SCOTT McCLELLAN: Not then, right what it happened, uh, but we did have a new chief of staff come on, and we had a, we had a very good discussion about that. Uh, you know, I, I've grown up in politics. I don't take anything personally. And, uh, uh, this book is not something others should take personally. Uh, this book is intended to, uh, really understand things better, and, uh, learn the truth.
MARTHA RADDATZ: Would you ever admit, if you hadn't let the White House under the circumstances you left...
SCOTT McCLELLAN: Uh, uh, it's, it's a, it's a hypothetical question. I'm, I'm actually, you know, in some ways, believe...
MARTHA RADDATZ: Are you bitter?
SCOTT McCLELLAN: No. Um, I'm disappointed. Disappointed that things didn't turn out the way that they did. Uh, but, you know, I think anybody that reads the book will see that, that I, that, uh, there's no bitterness. There may be disappointment, but I said, but I said that...
MARTHA RADDATZ: You mean, disappointment that you were, that you were let go as early as you were?
SCOTT McCLELLAN: No, disappointment that things didn't go the way that I'd hoped they would. Disappointment that this president wasn't able to change the way Washington worked. It wasn't able to change the tone in Washington as both candidates are talking about doing now.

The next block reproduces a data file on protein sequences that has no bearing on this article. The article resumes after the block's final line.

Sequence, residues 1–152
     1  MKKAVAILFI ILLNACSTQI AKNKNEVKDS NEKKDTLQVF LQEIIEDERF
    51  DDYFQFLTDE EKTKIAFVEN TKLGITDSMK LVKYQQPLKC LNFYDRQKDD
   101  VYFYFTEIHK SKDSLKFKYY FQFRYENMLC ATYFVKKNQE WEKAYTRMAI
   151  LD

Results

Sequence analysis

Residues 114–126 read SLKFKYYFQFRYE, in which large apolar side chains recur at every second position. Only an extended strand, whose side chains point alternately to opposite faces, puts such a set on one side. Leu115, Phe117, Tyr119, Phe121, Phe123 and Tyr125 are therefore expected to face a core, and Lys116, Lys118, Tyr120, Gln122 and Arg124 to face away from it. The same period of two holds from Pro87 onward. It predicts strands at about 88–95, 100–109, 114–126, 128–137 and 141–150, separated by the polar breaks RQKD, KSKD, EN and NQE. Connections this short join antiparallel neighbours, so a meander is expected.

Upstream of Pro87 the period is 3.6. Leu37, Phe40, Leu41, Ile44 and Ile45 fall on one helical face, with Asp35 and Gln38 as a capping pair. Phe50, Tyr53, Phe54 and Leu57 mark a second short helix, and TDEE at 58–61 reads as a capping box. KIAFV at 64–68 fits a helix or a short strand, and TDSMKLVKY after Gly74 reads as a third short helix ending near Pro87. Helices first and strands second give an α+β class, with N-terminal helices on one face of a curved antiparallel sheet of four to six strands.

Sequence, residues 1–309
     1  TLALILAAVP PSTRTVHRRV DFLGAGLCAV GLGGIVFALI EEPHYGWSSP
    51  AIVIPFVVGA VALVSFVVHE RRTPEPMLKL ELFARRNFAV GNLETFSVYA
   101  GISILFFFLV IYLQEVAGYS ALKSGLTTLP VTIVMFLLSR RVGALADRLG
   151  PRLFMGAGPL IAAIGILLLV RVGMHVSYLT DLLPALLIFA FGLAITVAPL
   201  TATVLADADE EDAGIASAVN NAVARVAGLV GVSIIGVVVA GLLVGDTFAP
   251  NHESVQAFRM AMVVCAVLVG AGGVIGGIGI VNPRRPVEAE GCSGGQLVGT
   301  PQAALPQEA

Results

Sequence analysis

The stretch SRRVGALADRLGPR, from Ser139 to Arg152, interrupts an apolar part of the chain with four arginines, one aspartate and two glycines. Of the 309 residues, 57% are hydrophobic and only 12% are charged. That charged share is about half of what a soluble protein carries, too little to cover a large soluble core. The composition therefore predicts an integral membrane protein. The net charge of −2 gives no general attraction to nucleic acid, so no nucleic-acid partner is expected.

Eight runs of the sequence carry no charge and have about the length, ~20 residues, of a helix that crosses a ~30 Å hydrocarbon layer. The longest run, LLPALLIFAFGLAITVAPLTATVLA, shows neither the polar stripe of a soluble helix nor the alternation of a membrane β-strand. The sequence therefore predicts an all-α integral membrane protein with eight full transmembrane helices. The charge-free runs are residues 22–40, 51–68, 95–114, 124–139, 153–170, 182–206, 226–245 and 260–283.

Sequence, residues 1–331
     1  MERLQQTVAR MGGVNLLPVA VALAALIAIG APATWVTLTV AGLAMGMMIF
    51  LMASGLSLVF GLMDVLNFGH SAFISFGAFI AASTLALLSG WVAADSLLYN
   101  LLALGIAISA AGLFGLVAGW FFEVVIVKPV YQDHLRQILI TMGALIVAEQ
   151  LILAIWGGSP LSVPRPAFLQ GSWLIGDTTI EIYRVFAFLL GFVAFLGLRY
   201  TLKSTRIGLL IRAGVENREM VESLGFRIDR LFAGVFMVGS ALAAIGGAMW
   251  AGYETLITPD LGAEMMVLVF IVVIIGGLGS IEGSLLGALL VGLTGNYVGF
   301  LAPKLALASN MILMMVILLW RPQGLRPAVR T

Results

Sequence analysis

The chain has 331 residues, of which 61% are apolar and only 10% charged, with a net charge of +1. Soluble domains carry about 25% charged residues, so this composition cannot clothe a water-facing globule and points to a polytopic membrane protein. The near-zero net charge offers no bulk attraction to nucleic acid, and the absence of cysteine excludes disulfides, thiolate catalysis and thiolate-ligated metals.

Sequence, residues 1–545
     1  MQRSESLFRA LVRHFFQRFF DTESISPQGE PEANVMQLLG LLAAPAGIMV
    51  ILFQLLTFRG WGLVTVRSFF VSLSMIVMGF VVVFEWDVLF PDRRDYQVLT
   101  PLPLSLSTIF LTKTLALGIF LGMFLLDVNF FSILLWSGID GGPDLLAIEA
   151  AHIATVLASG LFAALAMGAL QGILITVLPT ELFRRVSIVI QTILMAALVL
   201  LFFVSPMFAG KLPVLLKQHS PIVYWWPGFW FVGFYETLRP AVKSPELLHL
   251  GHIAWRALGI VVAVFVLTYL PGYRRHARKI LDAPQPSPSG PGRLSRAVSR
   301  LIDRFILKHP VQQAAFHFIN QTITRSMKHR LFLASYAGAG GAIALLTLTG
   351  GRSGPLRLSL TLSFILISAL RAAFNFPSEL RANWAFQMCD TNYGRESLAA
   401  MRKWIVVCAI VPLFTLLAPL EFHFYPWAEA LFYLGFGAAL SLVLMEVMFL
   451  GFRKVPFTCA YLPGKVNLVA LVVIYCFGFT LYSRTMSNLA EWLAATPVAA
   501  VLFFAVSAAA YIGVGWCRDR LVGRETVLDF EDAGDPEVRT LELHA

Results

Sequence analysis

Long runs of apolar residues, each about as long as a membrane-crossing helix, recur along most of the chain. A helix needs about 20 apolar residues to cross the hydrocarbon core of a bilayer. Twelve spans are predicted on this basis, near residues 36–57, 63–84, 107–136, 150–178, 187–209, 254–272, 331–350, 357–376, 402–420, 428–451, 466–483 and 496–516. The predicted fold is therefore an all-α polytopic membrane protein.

MARTHA RADDATZ: I, I want to bring up something else, and that is, we looked back in file tape, and you were criticizing others- Richard Clark, Paul O'Neill, who, who wrote books- um, you said, "If they had grave concerns, why didn't they express them then? Why didn't he raise them sooner? If you look back at his past comments, and his past actions, they contradict his current rhetoric."
SCOTT McCLELLAN: I was doing my job as the White House Press Secretary, the way that, uh, the President and his team wanted it done. Um, looking back on that, uh, I think I probably should've done things differently at that time.
MARTHA RADDATZ: Why the book now, in the middle of the campaign season? You're a campaign guy. You know you've just given George Bush's enemies a sword.
SCOTT McCLELLAN: Well, uh, first of all, this was a book that has been a long in the writing. Uh, it's taken a- it's been a long process. Uh, again, uh, it was originally scheduled to be released earlier. Uh, but, uh, it was finished. I felt it's important to get it out, so that we can learn from these mistakes, and not repeat them. There's some discussion going on now, um, aboutwar and other areas.And, uh, I don't want us to repeat the same mistakes. And I also think it does, in a way, contribute to today's national political discussion. Uh, you have Senator McCain, who recently talked about ending the permanent campaign. I, I don't think you can end it- I think you can minimize it. Um, and that will be enough. Uh, but it's going to be here. I'm not- I used to think that it can be completely wiped out. Uh, but then you have Senator Obama, running much like the President, on changing the way Washington works. The only thing he doesn't say -- divider, otherwise that message is very similar to what we said in 2000. And I think that I offer some ideas for the candidates, to start considering, so that when they come into office, they don't run into the same problems that we did, on not having planned for addressing some of these very issues that can come back to haunt you later.
MARTHA RADDATZ: What do you think of John McCain?